07/08/2013 by syrbal-labrys
I looked at several recipes before I began. I finally devised my own experimental version; the jars are now cooling….and I am wondering if the chiles are still a bit too tough after conversion from the dried state? Every recipe said to rehydrate in hot water for an hour so so…I left them almost twice that long but now wonder if I should have simmered them a bit softer. Nonetheless, here is how I proceeded, in case anyone wants to do the same!
In pan Number One, AFTER rehydrating dried smoked jalapenos — chipotles — a half pound dried weight; as the chiles drain of the water (reserve about 1 to 1 1/2 c of this water), heat up 1 quart of white vinegar and 1/2 c brown sugar. When this is steaming hot, add the rehydrated chiles and let it simmer on low for about the next 20 minutes, stirring to get all the chiles down into the mixture. The sugar is to help the chipotles keep their shape instead of falling apart, btw.
In pan Number Two, warm about a tablespoon of vegetable oil while you chop a good heaping tablespoon of garlic and mince 2 cups of onions. Start garlic and onion cooking in the oil. Cut up 1 c of flame roasted and peeled chile peppers — I used poblanos. Dice 4 large tomatillos, OR 2 large tomatoes and add this to the pot along with 3 or 4 bay leaves, and a handful of fresh oregano, if you like and a bit of pepper and some cumin. You can salt it to taste if you like, generally…since I have vinegar as preservative, I don’t; I don’t like wondering about salt in the recipes I will use this in later. Add the reserved chile water and simmer until everything is tender….about 15 minutes or so. Now, put this in a blender, removing the bay leaves, and puree it to a smooth green mess! Put it back in the pan and add another 2 c. of vinegar. Warm this back up.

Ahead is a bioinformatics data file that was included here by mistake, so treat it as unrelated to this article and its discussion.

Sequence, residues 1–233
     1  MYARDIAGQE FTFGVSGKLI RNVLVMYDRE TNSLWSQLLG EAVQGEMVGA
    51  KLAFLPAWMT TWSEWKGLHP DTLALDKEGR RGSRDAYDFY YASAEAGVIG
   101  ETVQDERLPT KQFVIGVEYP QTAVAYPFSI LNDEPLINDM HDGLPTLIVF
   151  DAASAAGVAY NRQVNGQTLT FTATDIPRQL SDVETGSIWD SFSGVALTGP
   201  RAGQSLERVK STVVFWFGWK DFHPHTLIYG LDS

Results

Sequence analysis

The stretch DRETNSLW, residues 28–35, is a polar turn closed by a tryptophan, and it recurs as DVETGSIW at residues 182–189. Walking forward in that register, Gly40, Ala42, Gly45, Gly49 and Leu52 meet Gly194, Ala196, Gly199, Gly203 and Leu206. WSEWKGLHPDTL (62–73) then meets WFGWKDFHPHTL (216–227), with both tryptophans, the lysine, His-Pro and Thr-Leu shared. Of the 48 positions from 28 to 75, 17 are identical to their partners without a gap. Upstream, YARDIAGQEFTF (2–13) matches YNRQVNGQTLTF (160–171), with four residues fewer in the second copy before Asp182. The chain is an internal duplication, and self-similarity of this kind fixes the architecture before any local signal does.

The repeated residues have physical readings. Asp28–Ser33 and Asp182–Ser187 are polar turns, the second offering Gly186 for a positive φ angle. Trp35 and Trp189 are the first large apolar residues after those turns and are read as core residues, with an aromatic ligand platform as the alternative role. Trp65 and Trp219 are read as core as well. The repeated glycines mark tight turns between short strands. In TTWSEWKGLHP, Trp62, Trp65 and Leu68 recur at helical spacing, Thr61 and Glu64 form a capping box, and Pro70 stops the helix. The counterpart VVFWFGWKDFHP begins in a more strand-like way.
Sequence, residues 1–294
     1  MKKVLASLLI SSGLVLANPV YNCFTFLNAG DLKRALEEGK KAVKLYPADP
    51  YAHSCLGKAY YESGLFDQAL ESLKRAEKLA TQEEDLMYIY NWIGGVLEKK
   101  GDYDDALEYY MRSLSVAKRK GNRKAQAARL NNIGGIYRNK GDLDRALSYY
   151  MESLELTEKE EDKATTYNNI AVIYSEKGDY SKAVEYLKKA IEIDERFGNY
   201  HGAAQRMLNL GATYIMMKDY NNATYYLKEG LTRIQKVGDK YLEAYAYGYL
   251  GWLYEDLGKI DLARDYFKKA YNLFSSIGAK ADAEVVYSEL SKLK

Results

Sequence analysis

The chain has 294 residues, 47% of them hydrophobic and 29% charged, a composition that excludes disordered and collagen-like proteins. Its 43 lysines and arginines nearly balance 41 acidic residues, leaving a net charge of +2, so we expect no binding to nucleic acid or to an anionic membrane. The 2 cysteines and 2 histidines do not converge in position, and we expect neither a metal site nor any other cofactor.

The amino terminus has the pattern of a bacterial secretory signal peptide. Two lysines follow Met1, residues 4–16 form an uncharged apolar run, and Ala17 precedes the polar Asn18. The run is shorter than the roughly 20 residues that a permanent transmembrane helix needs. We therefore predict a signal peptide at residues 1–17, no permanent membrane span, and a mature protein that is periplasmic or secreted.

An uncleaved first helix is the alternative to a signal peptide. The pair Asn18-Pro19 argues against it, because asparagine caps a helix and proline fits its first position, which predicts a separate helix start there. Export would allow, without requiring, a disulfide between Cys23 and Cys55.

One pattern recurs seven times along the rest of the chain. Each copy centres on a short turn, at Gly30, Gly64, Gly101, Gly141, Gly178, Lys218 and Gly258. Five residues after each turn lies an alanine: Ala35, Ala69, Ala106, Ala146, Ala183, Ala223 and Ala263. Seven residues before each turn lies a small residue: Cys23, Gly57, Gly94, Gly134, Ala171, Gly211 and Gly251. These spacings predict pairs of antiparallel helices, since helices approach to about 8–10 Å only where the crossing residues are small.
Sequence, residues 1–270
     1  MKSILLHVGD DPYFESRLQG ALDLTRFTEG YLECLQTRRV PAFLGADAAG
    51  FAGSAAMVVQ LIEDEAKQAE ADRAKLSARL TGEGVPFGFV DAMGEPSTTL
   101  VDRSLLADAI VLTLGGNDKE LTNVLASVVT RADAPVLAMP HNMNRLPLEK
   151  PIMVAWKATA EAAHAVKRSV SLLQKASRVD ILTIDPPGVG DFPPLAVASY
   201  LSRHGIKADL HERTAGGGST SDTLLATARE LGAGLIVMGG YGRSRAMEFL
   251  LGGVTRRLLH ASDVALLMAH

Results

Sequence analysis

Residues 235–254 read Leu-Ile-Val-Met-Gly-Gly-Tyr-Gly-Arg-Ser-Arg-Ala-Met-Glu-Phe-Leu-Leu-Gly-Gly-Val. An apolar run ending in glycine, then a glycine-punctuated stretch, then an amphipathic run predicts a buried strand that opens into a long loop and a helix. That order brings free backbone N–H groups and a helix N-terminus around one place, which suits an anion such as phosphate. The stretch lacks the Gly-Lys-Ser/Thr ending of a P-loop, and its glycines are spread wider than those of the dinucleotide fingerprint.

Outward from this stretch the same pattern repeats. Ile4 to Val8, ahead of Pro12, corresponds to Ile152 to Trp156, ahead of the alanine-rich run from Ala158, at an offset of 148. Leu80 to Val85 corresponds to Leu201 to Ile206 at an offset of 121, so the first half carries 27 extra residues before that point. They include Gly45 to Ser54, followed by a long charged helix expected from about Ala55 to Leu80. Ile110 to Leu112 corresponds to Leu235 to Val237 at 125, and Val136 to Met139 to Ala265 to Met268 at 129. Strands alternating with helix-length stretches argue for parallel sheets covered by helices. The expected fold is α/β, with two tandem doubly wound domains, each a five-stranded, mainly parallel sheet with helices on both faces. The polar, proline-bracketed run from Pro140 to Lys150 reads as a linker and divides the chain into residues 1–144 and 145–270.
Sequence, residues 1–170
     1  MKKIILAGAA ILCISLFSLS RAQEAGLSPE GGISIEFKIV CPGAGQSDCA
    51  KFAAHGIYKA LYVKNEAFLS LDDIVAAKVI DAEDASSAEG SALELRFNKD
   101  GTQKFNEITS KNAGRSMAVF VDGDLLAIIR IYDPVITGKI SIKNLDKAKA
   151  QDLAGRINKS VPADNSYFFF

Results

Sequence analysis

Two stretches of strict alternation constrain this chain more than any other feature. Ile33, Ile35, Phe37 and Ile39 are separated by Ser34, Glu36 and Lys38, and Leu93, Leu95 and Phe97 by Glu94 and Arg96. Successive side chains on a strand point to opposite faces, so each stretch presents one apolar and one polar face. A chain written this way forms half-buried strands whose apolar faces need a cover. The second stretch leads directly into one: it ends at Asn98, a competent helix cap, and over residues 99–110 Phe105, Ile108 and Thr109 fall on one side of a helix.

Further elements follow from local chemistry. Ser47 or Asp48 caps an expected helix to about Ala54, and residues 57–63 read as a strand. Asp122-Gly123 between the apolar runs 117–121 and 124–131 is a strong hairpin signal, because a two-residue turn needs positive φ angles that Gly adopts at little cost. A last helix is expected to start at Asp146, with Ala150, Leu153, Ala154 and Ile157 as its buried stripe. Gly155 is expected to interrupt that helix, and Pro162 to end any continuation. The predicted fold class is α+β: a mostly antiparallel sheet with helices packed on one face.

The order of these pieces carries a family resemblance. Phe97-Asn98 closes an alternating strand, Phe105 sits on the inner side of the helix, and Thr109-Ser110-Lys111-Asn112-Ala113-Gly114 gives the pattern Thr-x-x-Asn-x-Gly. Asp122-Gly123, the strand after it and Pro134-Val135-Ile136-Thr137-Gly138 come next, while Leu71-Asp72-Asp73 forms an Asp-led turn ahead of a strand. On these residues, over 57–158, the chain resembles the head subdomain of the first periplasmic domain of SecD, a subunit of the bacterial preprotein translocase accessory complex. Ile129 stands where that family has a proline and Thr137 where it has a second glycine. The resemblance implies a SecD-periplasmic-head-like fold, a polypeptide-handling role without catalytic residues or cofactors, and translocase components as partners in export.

By now, your chiles in the first pan should be hot and soft, add the onion-chile-garlic puree and stir well. Reduce to very low heat and let it continue to simmer. Now, wash and sterilize canning jars. Sterilizing the jars in the hot water bath canner also gets that water hot enough to use to can the chipotles adobados!
Turn off the heat under your remaining pan of hot stuff! Use tongs to put two to three of the chiles in each 1/2 pint jar, ladle in sauce to cover; cap with two piece lid making sure the jar mouth is clean so it can seal! I got an even dozen 1/2 pint jars….using the wide mouthed jars is best for convenience. I hot-water bath canned these for ten minutes; with the sufficiency of vinegar, not to mention the anti-bacterial powers of chile peppers, that should be adequate.